Headlines this year have largely focused on teacher pay. But just a few years ago, a different set of teacher-policy issues were in the limelight, including teacher evaluation, tenure, and collective bargaining. At that time, states were pursuing aggressive reforms challenging decades-old laws that many viewed as more protective of educator jobs than promoting student learning. Though not all of these efforts yielded dramatic changes, Florida eliminated tenure for new teachers starting in July 2011. Instead of facing extensive and often costly dismissal procedures, this reform allows school leaders to remove low performers from the classroom by not renewing annual teacher contracts.
In theory, removing tenure in K–12 education can both positively and negatively affect student achievement. On the one hand, it may increase achievement as teachers are incentivized to focus more intently on student learning, knowing their job is on the line each year. Over the long haul, the overall quality of the educator workforce may improve if incompetent teachers are removed more swiftly and frequently than they are today. On the other hand, school leaders may be prone to poor judgment and erroneously dismiss some effective teachers. Proponents of tenure also suggest that eliminating tenure—a job perk—might dissuade talented individuals from entering the profession, though it may also attract less ambitious people seeking job protections.
A new analysis from Celeste Carruthers, David Figlio, and Tim Sass puts theory to the test, examining whether Florida’s new employment law affected student achievement in the two years immediately following enactment (2011–12 and 2012–13). To undertake the study, the researchers divided Florida schools based on their exposure to the changes in state law, defined in two ways: More exposed schools either employed more first-year teachers or evaluated more of their educators. The first definition supposes that schools hiring more rookies would be more sensitive to the elimination of tenure for newly hired teachers. The latter definition rests on the fact that Florida made renewing annual contracts subject to teacher evaluations (most teachers were evaluated in the period of this analysis). The analysts then use quasi-experimental methods to compare state test-score trajectories, controlling for students’ prior achievement, of pupils attending the more- versus less-exposed schools.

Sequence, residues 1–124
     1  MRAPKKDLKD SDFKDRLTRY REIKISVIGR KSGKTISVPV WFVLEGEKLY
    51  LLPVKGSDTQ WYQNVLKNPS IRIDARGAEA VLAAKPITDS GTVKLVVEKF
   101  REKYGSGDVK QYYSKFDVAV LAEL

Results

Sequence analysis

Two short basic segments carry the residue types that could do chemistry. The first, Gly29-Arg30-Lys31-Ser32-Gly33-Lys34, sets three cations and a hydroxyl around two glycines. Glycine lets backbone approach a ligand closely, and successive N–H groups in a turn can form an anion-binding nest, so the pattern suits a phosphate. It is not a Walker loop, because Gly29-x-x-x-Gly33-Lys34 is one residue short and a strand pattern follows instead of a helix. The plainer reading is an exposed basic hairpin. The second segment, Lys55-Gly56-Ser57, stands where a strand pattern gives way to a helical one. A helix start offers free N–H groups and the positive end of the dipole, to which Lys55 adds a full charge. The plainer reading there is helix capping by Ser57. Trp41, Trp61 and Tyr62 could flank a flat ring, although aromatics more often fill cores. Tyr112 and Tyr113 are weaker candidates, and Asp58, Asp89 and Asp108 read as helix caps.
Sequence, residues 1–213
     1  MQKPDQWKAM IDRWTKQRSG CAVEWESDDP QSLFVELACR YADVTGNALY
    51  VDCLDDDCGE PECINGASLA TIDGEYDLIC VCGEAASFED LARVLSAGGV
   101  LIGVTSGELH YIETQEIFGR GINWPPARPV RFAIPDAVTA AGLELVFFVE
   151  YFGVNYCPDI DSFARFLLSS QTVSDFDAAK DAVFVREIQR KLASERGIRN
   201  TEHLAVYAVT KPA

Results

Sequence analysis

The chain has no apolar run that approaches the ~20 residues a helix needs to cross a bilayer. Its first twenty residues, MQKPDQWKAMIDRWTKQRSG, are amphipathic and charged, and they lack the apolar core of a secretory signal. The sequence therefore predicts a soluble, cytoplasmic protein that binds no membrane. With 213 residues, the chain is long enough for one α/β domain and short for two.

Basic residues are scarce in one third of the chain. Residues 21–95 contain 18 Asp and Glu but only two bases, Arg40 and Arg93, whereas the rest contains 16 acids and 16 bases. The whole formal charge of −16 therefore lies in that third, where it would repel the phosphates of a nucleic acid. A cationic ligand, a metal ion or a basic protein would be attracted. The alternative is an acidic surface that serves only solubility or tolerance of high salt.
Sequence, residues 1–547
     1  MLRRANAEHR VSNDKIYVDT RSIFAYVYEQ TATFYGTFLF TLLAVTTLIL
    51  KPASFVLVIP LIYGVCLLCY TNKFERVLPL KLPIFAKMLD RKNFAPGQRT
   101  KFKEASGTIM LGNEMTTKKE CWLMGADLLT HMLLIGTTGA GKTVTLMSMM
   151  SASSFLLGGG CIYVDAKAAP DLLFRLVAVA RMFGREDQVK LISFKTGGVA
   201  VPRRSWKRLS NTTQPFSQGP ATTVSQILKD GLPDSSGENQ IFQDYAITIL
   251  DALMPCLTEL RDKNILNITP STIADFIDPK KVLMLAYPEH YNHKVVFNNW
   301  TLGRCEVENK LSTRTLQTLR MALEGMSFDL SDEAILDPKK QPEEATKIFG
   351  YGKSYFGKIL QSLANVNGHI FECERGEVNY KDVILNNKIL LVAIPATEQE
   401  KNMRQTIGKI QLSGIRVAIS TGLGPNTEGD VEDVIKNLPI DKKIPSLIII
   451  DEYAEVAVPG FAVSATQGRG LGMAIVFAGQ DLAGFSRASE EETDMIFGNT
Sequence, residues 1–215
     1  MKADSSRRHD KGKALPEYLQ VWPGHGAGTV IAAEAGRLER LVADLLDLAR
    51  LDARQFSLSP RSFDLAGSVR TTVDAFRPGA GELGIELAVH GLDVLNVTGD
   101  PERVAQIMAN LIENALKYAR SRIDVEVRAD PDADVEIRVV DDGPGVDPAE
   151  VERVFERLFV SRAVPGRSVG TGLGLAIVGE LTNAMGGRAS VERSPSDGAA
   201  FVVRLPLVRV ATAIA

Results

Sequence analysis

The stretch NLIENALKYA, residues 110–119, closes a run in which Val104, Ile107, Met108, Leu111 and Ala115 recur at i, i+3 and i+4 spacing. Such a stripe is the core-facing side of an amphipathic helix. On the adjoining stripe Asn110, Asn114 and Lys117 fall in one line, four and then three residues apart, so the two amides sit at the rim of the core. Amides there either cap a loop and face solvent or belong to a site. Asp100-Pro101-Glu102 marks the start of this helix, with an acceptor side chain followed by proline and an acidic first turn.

The study finds slight upticks in achievement related to tenure reforms, with gains mainly concentrated among Florida’s lowest-achieving students. Students attending more-exposed schools gained about 0.005 to 0.010 standard deviations—significant statistically but small from a practical standpoint, akin to about a half-point gain on the SAT, according to the analysts. When results are disaggregated by students’ baseline achievement, pupils in the lowest two quintiles generally posted gains that exceeded those of their higher-achieving counterparts. Carruthers, Figlio, and Sass characterize the findings as “limited and circumstantial evidence that SSA [Florida’s teacher reforms] slightly increased student test achievement in math and reading.”
The somewhat inconclusive and short-run results are unlikely to settle contentious national debates over teacher tenure in K–12 education. But the study does offer some tantalizing evidence that eliminating tenure protections—and perhaps stopping the ugly dance of the lemons—may benefit disadvantaged students. Though tenure laws are likely to endure in Ohio and many other states, policymakers should at least reappraise whether making it almost impossible to dismiss low performers makes sense for children in need of an excellent education.
SOURCE: Celeste Carruthers, David Figlio, and Tim Sass, “Did Tenure Reform in Florida Affect Student Test Scores?,” Brookings Institution (2018).